# How to normalize technical indicators for machine learning?

I'm using around 130 technical indicators for 100 different companies. Each company's stock price moves in a different range, see FTSE 100. In addition, each technical indicator moves in a different range as well, ie some goes between 0-1, other 0-100 and others move with the price. This is the list I'm using http://ta-lib.org/function.html

I'd like to feed this into a machine learning algorithm where I predict the relative price movement of the stock price the next day. I use a logistic loss for profit optimization and two regularizer terms, one between companies, and the other between time periods. This is unimportant for now.

Rather, what I'm asking about is how to normalize the input data? I've tried zscore, rate of change, absolute differences, and various combination of these, but I'm not sure which is the right approach. Also, I assume that first I need to calculate the indicators and then normalize that data. or would these indicators make sense on normalized data?

• I'm not sure there is one right approach. – John May 7 '13 at 14:34
• @John what would be a right approach? – siamii May 7 '13 at 14:36
• My opinion: PCA over these indicators after having z-scaled observations to make covariance matrix equal to correlation matrix. – Lisa Ann May 8 '13 at 8:56
• There will be too much correlation (multicollinearity) between all of your indicators. You could reduce the dimensions using PCA, but that's a linear technique. There may be better payoff using non-linear dimension reduction techniques (diffusion maps, Laplacian eigenmaps, locally preserving projections, Sammon's mapping, self-organizing maps). I have found that among 9 non-linear methods, SOM works the best for classification analysis. However, sounds like you are doing function approximation. – user5626 Jul 7 '13 at 17:13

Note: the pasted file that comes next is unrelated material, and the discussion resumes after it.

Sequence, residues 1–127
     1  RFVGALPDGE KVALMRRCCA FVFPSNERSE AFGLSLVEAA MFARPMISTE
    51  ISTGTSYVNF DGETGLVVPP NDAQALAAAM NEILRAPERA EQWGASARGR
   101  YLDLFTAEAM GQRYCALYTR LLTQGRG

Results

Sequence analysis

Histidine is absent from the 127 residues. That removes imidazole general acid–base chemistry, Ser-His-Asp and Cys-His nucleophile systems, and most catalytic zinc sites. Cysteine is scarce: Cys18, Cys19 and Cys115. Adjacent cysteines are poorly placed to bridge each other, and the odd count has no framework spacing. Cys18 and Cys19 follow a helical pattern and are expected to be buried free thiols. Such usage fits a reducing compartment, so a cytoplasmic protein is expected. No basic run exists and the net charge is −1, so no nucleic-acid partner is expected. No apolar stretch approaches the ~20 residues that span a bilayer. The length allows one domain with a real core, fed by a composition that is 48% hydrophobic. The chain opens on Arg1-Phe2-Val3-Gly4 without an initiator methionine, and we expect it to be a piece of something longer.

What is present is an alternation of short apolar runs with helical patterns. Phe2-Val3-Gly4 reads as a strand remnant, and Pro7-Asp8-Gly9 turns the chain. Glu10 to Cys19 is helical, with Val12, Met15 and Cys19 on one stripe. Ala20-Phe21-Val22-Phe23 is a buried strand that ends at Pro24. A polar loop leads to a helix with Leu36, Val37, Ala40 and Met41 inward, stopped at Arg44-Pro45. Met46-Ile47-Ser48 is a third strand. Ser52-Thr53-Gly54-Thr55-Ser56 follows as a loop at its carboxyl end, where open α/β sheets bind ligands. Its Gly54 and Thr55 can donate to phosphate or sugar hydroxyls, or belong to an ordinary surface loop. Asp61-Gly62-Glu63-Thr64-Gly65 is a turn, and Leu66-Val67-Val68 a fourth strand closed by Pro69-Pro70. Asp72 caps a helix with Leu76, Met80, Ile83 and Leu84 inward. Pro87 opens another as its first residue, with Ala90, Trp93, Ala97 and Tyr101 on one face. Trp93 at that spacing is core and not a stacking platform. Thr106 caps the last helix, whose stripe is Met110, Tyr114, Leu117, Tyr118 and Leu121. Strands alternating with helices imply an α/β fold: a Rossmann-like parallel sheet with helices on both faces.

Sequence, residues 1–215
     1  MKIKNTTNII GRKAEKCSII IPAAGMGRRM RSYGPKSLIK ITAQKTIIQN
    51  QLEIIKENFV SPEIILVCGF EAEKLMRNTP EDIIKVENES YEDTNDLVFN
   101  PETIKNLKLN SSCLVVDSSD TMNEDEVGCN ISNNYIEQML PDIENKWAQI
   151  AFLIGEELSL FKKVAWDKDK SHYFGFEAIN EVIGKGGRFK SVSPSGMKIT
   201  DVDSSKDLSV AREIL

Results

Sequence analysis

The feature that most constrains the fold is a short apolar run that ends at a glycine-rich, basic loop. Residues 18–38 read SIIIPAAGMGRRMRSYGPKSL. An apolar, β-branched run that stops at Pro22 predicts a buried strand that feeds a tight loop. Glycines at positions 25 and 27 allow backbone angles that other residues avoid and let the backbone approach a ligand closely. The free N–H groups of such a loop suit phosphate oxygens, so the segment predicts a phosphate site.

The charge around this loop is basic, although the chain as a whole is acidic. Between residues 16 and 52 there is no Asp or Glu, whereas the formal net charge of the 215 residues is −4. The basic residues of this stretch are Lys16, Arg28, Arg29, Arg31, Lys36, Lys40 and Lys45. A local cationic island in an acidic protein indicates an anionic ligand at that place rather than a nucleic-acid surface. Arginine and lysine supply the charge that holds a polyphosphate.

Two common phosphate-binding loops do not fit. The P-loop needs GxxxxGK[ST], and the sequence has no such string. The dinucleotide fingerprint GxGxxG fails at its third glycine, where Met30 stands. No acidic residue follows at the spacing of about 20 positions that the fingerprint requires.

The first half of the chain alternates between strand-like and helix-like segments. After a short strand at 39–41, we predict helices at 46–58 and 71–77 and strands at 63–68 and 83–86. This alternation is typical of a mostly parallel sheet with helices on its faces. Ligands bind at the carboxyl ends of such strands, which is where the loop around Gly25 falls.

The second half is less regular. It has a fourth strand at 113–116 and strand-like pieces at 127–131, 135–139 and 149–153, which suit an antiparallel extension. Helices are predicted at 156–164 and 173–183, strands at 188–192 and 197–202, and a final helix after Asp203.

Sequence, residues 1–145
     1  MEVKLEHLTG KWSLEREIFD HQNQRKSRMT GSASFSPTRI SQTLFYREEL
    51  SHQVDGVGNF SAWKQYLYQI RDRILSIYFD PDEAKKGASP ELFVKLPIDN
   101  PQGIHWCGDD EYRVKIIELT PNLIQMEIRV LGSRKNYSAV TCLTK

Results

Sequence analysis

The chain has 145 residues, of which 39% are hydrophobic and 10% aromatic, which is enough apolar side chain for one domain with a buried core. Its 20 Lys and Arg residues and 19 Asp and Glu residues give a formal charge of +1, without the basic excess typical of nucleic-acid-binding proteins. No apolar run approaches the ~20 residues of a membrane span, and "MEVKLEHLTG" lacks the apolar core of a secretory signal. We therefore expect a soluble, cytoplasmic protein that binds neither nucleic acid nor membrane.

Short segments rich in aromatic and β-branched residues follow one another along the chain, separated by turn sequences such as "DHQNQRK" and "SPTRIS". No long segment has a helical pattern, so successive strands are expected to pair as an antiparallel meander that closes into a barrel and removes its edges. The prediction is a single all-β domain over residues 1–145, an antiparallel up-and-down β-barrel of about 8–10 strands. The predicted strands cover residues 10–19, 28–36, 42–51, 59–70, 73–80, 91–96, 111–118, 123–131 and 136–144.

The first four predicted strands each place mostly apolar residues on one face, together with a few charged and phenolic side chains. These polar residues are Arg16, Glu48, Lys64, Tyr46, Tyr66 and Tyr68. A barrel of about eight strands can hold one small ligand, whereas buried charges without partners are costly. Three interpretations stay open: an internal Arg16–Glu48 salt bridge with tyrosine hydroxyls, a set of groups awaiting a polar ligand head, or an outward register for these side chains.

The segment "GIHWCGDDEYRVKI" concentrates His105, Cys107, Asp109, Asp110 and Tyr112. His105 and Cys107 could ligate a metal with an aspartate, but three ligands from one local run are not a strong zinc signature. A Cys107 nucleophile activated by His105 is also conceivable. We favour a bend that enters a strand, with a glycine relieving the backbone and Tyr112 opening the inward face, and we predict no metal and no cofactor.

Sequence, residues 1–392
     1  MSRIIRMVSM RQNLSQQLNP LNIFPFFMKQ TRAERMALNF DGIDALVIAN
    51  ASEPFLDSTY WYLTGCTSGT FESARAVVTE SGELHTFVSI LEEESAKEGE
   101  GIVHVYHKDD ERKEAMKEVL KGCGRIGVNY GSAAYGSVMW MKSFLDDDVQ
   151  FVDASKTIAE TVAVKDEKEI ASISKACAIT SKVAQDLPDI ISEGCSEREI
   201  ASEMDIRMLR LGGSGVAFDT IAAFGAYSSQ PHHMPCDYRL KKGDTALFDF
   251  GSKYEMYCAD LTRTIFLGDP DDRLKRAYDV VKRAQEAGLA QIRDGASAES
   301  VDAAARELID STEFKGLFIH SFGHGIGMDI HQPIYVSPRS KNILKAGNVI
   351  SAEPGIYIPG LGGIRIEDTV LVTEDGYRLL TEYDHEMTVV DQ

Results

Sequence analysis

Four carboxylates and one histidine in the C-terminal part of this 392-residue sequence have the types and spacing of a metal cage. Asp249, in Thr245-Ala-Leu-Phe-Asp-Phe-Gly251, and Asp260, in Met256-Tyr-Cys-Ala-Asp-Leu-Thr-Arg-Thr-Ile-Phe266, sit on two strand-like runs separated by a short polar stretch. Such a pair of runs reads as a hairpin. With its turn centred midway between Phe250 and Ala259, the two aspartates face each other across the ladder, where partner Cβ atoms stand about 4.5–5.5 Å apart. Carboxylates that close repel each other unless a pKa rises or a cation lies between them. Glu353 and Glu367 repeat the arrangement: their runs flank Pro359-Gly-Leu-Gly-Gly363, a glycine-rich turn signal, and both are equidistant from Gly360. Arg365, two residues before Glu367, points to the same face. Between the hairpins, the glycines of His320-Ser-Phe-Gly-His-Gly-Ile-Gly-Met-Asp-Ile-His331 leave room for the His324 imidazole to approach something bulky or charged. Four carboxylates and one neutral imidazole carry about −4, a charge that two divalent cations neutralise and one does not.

• What I do is put all indicators in bins. Some like volume have to be min(log(vol),some max), otherwise one high value will make bins that are too large. RSI types are easy as you know the max and min beforehand. For the rest you have to choose an appropriate max. – brian Aug 6 '13 at 14:39

## 4 Answers

There is no right approach a priori. Try all approaches that make decent sense and pick the one that maximises a utility function on out of sample PnL and risk (or some similar decision rule).

Scale and range are your biggest issues. If one input has values which range from e.g. 2300-3500, and another from 0 to 18, then the large scale of the first will swamp the other and provide greater informativity into your learning algorithm. Therefore, normalize into range [0,1] or mean-zero standardize - like you have already done. Be careful with mean-zero standardization, however, since means only apply to skew-zero normal distributions, and not to log-normally distributed (right-tailed) skewed distributions. You could input the ranks of your skewed features values, but ranks are known to be rectangularly distributed, so convert ranks to percentiles, and then to van der Waerden scores (which are standard normal distributed without skewness).

There are a couple of good papers on this but my favorite are Predicting stock market index using fusion of machine learning techniques and Predicting stock and stock price index movement using Trend Deterministic Data Preparation and machine learning techniques.

This depends on what ML you are using. For example, random forest is extremely resilient and doesn't require much normalisation of inputs to produce good outputs. However, RNN is extremely sensitive to input normalisation.

What I do for RNN is to divide each sample input by 1 standard deviation of the entire sample set, and that works quite nicely. But make sure your samples are normally distributed first.

• I think this add a lookahead bias to your data – Alon Gouldman Jun 9 '20 at 12:43